Manage screen search filter

WordPress allows us to show all the posts by date and category, but what if we want to show all the posts depending on post type?

No problem! We can add a new filter select box straight to the Manage panel.

Time for action – Add a search filter box

  1. Let's start by adding two more hooks to the handle_load_edit() function. The restrict_manage_posts function draws the search box and the posts_where alters the database query to select only the posts of the type we want to show.
    // Manage page hooks
    function handle_load_edit()
    {
    // handle Manage screen functions
    add_filter('manage_posts_columns',
    array(&$this, 'handle_posts_columns'));
    add_action('manage_posts_custom_column',
    array(&$this, 'handle_posts_custom_column'), 10, 2);
    // handle search box filter
    add_filter('posts_where',
    array(&$this, 'handle_posts_where'));
    add_action('restrict_manage_posts',
    array(&$this, 'handle_restrict_manage_posts'));
    }
  2. Let's write the corresponding function to draw the select box:
    // Handle select box for Manage page
    function handle_restrict_manage_posts()
    {
    ?>
    <select name="post_type" id="post_type" class="postform">
    <option value="0">View all types</option>
    <option value="normal" <?php if( $_GET['post_type']=='normal')
    echo 'selected="selected"' ?>><?php _e
    ('Normal',$this->plugin_domain); ?></option>
    <option value="photo" <?php if( $_GET['post_type']=='photo')
    echo 'selected="selected"' ?>><?php _e
    ('Photo',$this->plugin_domain); ?></option>
    <option value="link" <?php if( $_GET['post_type']=='link')
    echo 'selected="selected"' ?>><?php _e
    ('Link',$this->plugin_domain); ?></option>
    </select>
    <?php
    }
  3. And finally, we need a function that will change the query to retrieve only the posts of the selected type:
    // Handle query for Manage page
    function handle_posts_where($where)
    {
    global $wpdb;
    if( $_GET['post_type'] == 'photo' )
    {
    $where .= " AND ID IN (SELECT post_id FROM {$wpdb->postmeta}
    WHERE meta_key='post-type' AND metavalue='".__
    ('Photo',$this->plugin_domain)."' )";
    }
    else if( $_GET['post_type'] == 'link' )
    {
    $where .= " AND ID IN (SELECT post_id FROM {$wpdb->postmeta}
    WHERE meta_key='post-type' AND metavalue='".__
    ('Link',$this->plugin_domain)."' )";
    }
    else if( $_GET['post_type'] == 'normal' )
    {
    $where .= " AND ID NOT IN (SELECT post_id FROM
    {$wpdb->postmeta} WHERE meta_key='post-type' )";
    }
    return $where;
    }

What just happened?

We have added a new select box to the header of the Manage panel. It allows us to filter the post types we want to show.

We added the box using the restrict_manage_posts action that is triggered at the end of the Manage panel header and allows us to insert HTML code, which we used to draw a select box.

To actually perform the filtering, we use the posts_where filter, which is run when a query is made to fetch the posts from the database.

if( $_GET['post_type'] == 'photo' )
{
$where .= " AND ID IN (SELECT post_id FROM {$wpdb->postmeta}
WHERE meta_key='post-type' AND metavalue='".__
('Photo',$this->plugin_domain)."' )";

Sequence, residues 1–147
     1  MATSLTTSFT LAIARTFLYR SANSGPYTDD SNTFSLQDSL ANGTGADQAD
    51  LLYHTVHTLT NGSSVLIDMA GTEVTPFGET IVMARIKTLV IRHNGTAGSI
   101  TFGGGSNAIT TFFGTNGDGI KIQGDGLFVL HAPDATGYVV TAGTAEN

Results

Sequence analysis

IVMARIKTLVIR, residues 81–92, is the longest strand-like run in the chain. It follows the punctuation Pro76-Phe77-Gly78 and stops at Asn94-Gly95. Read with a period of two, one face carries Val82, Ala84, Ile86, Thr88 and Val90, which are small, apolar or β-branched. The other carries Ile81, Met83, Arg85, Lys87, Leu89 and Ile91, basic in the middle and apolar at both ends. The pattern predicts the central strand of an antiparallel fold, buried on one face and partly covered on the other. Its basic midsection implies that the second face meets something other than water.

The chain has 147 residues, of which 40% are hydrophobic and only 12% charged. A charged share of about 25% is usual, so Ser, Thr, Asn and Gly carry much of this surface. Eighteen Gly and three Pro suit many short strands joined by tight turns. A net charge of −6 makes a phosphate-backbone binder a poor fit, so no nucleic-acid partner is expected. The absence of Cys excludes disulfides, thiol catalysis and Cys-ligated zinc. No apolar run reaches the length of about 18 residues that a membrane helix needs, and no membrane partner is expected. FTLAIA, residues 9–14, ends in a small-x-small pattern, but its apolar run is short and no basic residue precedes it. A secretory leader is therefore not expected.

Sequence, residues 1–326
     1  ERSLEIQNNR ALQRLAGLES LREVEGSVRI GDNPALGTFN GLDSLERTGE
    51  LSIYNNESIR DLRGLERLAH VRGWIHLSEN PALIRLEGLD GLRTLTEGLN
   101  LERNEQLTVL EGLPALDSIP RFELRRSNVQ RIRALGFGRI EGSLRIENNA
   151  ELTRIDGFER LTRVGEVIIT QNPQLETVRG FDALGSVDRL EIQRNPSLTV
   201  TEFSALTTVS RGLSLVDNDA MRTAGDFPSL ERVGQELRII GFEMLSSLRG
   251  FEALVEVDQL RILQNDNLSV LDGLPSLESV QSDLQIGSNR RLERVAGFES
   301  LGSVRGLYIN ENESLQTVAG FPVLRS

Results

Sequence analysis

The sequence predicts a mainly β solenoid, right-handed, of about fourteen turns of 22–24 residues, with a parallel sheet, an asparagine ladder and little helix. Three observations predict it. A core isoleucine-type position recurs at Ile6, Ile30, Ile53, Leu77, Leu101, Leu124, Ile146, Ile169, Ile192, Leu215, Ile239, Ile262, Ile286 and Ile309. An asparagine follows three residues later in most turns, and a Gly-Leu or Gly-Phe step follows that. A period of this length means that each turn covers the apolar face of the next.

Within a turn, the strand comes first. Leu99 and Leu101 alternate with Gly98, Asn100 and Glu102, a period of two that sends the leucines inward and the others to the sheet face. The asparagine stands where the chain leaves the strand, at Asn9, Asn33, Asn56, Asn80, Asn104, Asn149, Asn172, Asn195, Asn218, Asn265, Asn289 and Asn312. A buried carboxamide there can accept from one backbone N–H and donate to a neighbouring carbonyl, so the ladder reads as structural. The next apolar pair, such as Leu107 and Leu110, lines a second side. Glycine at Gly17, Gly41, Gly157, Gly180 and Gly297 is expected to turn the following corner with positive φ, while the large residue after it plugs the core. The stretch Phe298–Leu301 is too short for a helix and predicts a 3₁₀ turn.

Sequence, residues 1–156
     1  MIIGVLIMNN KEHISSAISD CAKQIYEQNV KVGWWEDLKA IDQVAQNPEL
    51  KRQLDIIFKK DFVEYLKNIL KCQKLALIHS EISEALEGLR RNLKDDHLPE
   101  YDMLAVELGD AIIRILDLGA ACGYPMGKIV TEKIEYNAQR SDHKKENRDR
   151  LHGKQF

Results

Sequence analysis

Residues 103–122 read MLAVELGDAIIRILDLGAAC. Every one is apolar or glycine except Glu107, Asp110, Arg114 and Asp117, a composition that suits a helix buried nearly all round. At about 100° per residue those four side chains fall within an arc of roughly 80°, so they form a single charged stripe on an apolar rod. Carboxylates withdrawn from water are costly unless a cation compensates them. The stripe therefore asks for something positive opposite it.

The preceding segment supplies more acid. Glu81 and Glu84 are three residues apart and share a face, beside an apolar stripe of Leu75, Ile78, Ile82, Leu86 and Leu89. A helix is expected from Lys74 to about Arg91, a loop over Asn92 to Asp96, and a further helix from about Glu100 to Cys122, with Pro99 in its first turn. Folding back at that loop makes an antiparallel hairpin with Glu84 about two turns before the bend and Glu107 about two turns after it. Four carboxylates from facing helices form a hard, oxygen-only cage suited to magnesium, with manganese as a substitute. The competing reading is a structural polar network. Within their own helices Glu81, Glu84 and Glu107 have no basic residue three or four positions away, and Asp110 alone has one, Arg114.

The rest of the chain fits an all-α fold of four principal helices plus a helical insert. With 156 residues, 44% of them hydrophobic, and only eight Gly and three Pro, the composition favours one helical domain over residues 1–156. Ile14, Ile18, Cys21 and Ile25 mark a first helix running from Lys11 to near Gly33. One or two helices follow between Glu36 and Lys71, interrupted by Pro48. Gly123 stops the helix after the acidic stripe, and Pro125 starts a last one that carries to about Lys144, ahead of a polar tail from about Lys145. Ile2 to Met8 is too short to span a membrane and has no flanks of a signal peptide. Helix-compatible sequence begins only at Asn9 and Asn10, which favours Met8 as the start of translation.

If a photo is selected, we inspect the WordPress database postmeta table and select posts that have the post-type key with the value, Photo.

At this point, we have a functional plugin. What we can do further to improve it is to add user permissions checks, so that only those users allowed to write posts and upload files are allowed to use it.

Quick reference
manage_posts_columns($columns): This acts as a filter for adding/removing columns in the Manage Posts panel. Similarly, we use the function, manage_pages_columns for the Manage Pages panel.
manage_posts_custom_column($column, $post_id): This acts as an action to display information for the given column and post. Alternatively, manage_pages_custom_column for Manage Pages panel.
posts_where($where): This acts as a filter for the where clause in the query that gets the posts.
restrict_manage_posts: This acts as an action that runs at the end of the Manage panel header and allows you to insert HTML.

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Handling error messages

WordPress provides a simple class called WP_Error that allows us to keep all our error messages tidy and in one place.

Time for action – Adding support for errors

  1. Change the plugin constructor to add initialization of error class:
    if (version_compare($wp_version,"2.5","<"))
    {
    exit ($exit_msg);
    }
    // initialize the error class
    $this->error = new WP_Error();
    $this->init_errors();
    // add admin_menu action
    add_action('admin_menu', array(&$this, 'admin_menu'));
  2. Initialize all our errors by defining the error code and the message:
    // Init error messages
    function init_errors()
    {
    $this->error->add('e_image', __('Please upload a valid
    image.',$this->plugin_domain));
    $this->error->add('e_title', __('You need to enter a title
    and add a photo.',$this->plugin_domain));
    $this->error->add('e_url', __('You need to enter a
    URL.',$this->plugin_domain));
    }
  3. Add a function to retrieve an error:
    // Retrieve an error message
    function my_error($e = '')
    {
    $msg = $this->error->get_error_message($e);
    if ($msg == null)
    {
    return __("Unknown error occured, please contact the
    administrator.", $this->plugin_domain);
    }
    return $msg;
    }
  4. Finally replace the old error messages with our new function:
        else